Please note! Course description is confirmed for two academic years (1.8.2018-31.7.2020), which means that in general, e.g. Learning outcomes, assessment methods and key content stays unchanged. However, via course syllabus, it is possible to specify or change the course execution in each realization of the course, such as how the contact sessions are organized, assessment methods weighted or materials used.

LEARNING OUTCOMES

Core learning outcomes:

  • Understanding different views about the causes of poverty
  • Understanding the concept of market-based development, including the most common approaches
  • Recognizing when market-based development approaches may be appropriate, and how market-based development supplements other development approaches
  • Develop critical thinking skills to assess how well an intervention is embedded in the local context
  • Understanding the need for multi-stakeholder partnerships in market-based development, and how to assemble and manage these partnerships
  • Critically assessing the ethics involved in market-based development, especially the impact of unequal power balances

Credits: 6

Schedule: 08.09.2020 - 15.10.2020

Teacher in charge (valid 01.08.2020-31.07.2022): Sara Lindeman, Patrick Shulist

Teacher in charge (applies in this implementation): Sara Lindeman, Patrick Shulist

Contact information for the course (applies in this implementation):

For general enrollment and content question please contact Patrick (In English). For general questions about market-based development, please contact either of us.

Dr. Patrick Shulist: patrick.shulist@aalto.fi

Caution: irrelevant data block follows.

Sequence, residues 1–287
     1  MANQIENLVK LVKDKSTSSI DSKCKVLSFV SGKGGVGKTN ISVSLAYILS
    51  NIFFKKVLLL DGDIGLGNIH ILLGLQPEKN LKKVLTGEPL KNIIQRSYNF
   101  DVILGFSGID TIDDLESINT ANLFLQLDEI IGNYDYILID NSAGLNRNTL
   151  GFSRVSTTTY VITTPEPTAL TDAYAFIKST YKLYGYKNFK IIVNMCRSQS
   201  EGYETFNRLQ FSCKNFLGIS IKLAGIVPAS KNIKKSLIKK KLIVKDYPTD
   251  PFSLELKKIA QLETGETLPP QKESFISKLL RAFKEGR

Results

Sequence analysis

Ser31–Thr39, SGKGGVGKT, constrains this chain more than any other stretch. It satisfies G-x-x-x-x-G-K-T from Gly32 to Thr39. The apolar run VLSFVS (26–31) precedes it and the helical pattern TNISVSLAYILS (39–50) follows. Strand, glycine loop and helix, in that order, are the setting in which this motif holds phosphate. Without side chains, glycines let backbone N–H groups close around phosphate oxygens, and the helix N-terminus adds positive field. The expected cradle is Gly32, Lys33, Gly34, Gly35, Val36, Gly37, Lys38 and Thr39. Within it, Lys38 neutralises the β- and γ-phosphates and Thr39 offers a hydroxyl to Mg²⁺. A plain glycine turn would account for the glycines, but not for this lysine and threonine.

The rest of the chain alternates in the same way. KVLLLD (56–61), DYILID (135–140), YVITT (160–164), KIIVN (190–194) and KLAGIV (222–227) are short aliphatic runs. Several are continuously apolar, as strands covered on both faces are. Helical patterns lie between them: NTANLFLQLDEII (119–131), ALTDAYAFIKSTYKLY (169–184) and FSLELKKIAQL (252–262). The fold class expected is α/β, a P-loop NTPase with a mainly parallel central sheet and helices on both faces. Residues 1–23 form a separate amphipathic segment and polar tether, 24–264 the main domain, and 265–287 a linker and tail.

Dr. Sara Lindeman: sara.lindeman@aalto.fi

CEFR level (applies in this implementation):

Language of instruction and studies (valid 01.08.2020-31.07.2022):

Teaching language: English

Languages of study attainment: English

CONTENT, ASSESSMENT AND WORKLOAD

Content
  • Valid 01.08.2020-31.07.2022:

    The course introduces the concept of market-based development as it is broadly undertaken in sub-Saharan Africa, South Asia, Latin America, and other developing contexts; collectively, the Global South. Market-based development does not offer a panacea for poverty-alleviation, but rather offers a powerful set of tools that work in some situations. As such, we will discuss when market-based approaches, such as microfinance, value-chain development, entrepreneurial training, and last-mile provisions, are appropriate and effective. Moreover, we will help students understand how to effectively structure interventions by focusing on three key pillars:

    • Context: interventions must be appropriately tailored to the specific political, institutional, scarcity, and historical contexts.
    • Partnerships: given the complexity of market-based development, partnerships involving different NGOs, businesses, and government entities are critical.
    • Ethics: it is imperative to understand the fundamental power imbalances at play, as well as the importance of not presupposing that outsiders (especially Europeans versed in a different institutional context) know what is best for local communities.